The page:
ROME (AP) — With thousands of travellers being tested at Italy’s airports and some ports, the nation where Europe’s COVID-19 outbreak began registered a seventh straight day of increasing new infections on Sunday, mostly driven by returning vacationers.
Sicily’s governor, meanwhile, ordered all migrant residences on the Italian island to shut down yesterday, part of a push-back by Italian regions alarmed by a steady climb in COVID-19 cases a few weeks before schools are to reopen.
But people coming in from Mediterranean Sea resorts abroad as well as from the Italian island of Sardinia have accounted for far more of Italy’s new coronavirus infections lately than have migrants.
Italy registered 1,210 new cases on Sunday, the highest daily number since May 12 and only weeks after it saw new infections plunge to about 200 a day.
The Lazio region, which includes Rome, and the hard-hit Lombardy led the nation in regional new caseloads on Sunday. Thousands of returning travellers got tested at Rome-area airports and a port north of the capital, as well as at airports that serve Lombardy’s main city, Milan.
Other cities, like Turin, also have set up airport test facilities.
People arriving from Spain, Malta, Greece and Croatia must be tested within 48 hours of entering Italy, after those nations saw worrisome upticks in infections.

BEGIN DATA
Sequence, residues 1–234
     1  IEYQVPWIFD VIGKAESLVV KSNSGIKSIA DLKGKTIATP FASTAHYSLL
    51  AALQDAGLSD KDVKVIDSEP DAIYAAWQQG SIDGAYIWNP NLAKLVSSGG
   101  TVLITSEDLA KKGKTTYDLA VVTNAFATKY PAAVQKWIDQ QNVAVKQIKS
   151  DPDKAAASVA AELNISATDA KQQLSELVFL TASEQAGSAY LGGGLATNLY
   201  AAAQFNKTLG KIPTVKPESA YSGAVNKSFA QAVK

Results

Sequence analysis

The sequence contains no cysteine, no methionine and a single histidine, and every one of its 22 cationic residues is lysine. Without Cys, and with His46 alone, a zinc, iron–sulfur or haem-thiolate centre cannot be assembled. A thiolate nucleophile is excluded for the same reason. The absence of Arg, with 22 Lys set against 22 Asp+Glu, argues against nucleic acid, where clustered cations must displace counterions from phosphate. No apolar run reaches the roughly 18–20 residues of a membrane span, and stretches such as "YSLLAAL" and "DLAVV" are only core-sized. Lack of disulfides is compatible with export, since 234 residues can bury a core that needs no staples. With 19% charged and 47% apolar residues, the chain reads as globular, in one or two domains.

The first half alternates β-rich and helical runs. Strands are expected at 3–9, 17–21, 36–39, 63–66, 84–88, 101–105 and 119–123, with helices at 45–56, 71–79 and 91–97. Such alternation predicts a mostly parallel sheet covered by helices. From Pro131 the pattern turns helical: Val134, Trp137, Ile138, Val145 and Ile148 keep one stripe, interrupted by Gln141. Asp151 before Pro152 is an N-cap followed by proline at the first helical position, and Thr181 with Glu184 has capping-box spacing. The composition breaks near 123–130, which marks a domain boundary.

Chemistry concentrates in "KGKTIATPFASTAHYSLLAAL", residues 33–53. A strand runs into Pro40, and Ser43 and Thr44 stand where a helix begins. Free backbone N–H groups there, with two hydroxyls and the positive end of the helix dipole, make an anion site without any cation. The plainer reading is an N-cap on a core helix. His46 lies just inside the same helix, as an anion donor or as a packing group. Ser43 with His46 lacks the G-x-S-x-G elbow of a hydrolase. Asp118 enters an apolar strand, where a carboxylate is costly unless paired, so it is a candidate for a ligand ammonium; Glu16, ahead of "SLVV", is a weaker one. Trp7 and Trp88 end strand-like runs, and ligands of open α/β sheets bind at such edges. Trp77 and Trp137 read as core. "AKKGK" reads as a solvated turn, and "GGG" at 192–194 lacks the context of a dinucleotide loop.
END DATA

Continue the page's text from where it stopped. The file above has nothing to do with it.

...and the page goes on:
And many recent coronavirus clusters have been traced to people who vacationed on Sardinia. With many people taking ferries from Sardinia to the Italian mainland, Lazio set up a testing facility at the dock at Civitavecchia, so those driving vehicles off the ferries could line up for immediate testing.
Lazio Governor Nicola Zingaretti appealed to the governor of Sardinia to test vacationers before they sailed or flew to the mainland, saying his region would do the same for travellers leaving for Sardinia, but there was no indication Sardinia would oblige.
Sardinia, which had been counting barely a handful of new daily cases in recent months, registered 81 new infections, compared to 44 a day earlier.
In Sicily, Governor Nello Musumeci’s order took effect on Sunday, requiring that all migrants who reach the island by sea be transferred off to combat the spread of COVID-19 and all centres housing migrants awaiting asylum applications must be shut down. His order, effective through September 10, also forbids any boat, including charity vessels, from bringing migrants to the island.